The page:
It’s 50’s or the 60’s now, and the general population has got all this free space. And it wasn’t just free space either. With consumerism, came more free time since homeowners didn’t have to labor endlessly in their yards to support their families. This phenomenon facilitated the shift from a strictly utilitarian point of view made the backyard a mark of prosperity and high status — ultimately becoming part of the American Dream in the early 60s.
A backyad with grass and trees:
Now that there was space for the project, the only thing left was for technology (needed to maintain a backyard) to catch up and become more affordable. The lawnmower had been around since the 19th century, but before its advent, the only way to maintain a closely-shaved lawn was with the aid of scythe-wielding keepers.
Post-Depression when appliances became cheaper and widely available, the crucial tool needed for a manicured lawn was easily accessible.
Yet another challenge was to find grass types that would not only thrive in different climates in America but would also be durable and attractive. The U.S. Golf Association and the U.S. Department of Agriculture found different grass combinations from Europe and Africa that were ideal for the variety of American climes. Today, you’ll find some lawns supplementing their lawns with artificial grass for perpetually shaded patches.
Moden backyard with wooden patio:
Speaking of materials, the manufacturers who produced concrete and aluminum for the war, pivoted after the war and adopted a consumer-oriented approach. And this part of the story is where the concept of backyards as outdoor living spaces developed. These wartime manufacturers produced everything from patio furniture to affordable concrete for in-ground pools.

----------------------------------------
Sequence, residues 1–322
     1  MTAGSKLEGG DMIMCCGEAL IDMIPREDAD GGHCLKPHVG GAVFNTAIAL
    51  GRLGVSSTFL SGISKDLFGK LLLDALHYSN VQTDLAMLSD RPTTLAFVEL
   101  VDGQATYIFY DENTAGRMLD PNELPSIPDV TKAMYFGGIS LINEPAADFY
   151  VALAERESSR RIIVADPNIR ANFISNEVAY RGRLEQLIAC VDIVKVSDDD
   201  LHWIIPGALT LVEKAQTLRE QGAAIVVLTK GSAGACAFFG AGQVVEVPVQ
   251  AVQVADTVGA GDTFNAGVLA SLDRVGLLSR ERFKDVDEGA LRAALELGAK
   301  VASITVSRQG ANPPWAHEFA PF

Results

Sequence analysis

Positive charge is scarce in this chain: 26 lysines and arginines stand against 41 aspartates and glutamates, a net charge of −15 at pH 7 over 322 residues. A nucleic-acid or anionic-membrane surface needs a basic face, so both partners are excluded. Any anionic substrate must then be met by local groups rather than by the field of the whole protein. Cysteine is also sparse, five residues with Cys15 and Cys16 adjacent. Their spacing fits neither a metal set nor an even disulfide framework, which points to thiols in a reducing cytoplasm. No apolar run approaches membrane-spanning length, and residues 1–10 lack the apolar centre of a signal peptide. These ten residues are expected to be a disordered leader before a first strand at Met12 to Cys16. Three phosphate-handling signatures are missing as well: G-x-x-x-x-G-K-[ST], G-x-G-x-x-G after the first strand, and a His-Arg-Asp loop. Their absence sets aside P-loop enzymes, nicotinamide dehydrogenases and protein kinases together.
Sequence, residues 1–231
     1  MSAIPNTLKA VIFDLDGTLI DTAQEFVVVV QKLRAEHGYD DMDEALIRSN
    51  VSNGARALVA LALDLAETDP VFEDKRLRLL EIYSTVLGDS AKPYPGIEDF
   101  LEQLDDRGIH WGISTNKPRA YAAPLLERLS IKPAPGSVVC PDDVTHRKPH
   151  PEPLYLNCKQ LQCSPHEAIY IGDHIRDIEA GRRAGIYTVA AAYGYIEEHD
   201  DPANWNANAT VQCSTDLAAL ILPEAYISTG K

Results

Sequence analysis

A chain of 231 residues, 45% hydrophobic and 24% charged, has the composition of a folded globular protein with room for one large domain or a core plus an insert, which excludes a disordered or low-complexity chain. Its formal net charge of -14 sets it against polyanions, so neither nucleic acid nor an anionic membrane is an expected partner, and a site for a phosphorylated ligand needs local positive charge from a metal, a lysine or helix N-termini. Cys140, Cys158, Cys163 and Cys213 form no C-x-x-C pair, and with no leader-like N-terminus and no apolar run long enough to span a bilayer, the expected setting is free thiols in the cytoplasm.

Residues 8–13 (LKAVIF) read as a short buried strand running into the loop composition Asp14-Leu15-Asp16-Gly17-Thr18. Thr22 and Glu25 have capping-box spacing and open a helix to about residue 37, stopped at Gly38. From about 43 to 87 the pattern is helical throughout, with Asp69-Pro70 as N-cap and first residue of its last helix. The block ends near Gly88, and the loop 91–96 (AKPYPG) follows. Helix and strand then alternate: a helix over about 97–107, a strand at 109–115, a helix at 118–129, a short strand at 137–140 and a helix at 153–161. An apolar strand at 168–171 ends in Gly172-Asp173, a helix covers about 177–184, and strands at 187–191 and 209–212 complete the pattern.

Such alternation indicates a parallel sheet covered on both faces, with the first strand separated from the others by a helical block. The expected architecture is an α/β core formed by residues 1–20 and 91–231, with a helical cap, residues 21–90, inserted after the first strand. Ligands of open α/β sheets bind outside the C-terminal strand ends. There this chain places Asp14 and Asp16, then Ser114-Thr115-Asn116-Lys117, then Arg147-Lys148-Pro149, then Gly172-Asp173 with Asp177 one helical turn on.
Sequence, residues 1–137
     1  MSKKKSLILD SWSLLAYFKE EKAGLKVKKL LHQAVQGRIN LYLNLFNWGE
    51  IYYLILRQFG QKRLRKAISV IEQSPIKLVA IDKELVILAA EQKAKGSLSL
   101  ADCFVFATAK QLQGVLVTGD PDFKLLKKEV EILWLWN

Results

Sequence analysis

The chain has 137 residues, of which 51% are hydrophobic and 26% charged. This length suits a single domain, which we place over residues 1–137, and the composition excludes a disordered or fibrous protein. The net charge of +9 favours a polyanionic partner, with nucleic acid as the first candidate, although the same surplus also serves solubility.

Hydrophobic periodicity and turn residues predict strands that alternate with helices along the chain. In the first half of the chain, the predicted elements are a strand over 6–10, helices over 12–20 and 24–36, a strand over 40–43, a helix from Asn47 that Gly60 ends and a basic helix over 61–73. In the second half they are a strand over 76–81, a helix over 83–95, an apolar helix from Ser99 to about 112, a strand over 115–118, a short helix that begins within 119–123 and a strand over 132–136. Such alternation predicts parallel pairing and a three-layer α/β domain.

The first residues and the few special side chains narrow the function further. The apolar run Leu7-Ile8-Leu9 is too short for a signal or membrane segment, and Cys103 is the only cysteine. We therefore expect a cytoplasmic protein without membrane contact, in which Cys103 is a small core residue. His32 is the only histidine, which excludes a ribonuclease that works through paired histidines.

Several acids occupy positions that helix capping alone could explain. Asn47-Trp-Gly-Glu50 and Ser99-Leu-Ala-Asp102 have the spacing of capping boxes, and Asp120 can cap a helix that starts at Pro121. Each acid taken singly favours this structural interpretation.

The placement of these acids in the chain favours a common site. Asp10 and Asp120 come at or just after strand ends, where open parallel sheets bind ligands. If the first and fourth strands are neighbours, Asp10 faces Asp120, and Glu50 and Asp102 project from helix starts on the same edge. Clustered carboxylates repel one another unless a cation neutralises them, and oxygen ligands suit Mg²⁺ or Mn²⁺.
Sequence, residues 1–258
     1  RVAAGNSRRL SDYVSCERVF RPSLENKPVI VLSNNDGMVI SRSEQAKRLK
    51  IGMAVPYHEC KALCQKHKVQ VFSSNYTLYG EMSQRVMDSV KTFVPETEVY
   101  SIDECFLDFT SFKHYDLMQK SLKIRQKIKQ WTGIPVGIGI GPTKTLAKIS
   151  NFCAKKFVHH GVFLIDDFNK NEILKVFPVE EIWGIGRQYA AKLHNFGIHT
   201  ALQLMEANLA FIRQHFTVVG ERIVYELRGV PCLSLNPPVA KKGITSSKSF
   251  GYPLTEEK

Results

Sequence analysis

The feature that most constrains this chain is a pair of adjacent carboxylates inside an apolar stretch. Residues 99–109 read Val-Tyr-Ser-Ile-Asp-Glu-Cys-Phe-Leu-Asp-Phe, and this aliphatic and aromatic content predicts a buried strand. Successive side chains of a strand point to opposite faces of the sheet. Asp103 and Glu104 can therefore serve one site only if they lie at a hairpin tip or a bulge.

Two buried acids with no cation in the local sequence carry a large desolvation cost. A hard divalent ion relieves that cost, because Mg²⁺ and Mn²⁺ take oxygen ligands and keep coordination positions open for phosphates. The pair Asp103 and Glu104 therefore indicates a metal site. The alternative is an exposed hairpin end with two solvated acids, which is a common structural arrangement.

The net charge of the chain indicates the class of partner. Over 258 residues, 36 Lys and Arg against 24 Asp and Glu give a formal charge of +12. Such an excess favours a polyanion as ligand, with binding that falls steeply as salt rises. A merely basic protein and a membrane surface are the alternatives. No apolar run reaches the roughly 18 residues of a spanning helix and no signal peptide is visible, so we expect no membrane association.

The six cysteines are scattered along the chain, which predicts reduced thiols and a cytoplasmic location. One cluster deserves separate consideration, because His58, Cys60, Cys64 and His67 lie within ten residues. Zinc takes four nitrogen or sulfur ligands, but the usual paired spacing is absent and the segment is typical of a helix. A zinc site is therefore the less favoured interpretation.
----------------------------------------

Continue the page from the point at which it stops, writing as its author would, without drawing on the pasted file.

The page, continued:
But this leisure/entertainment wouldn’t be complete without crucial elements, the deck, and patio. The unpaved ground wasn’t usable when it rained, so it was covered with either a deck or patio.
Then came the proliferation of swimming pools and outdoor barbecue kitchens. And this is how the once-practical workspace was utterly transformed into a center for outdoor fun activities and communal rituals. Families spend quality time there in the shade of a roof or a canopy.
A Few Caveats
Pathway between grass:
Today, American backyards 63,000 cover square miles and the grass on them is the most popular crop nationwide. That said, there’s no denying that backyards aren’t without their problems. An average-sized lawn needs 200 gallons of fresh water every day, which makes lawns resource-hogs, especially in drought-stricken areas like California.
Tons of fertilizer and pesticides are also dumped on lawns to keep the grass emerald-green, but unfortunately, they can often leech into the underground water supply, contaminating it. The trend of homeownership (something which the American backyard represents) is also dying.
In a nutshell, the peace after the World War, the growth of the middle-class, development of suburban communities, and a burgeoning idea of homeownership are what made the American backyard what it is today.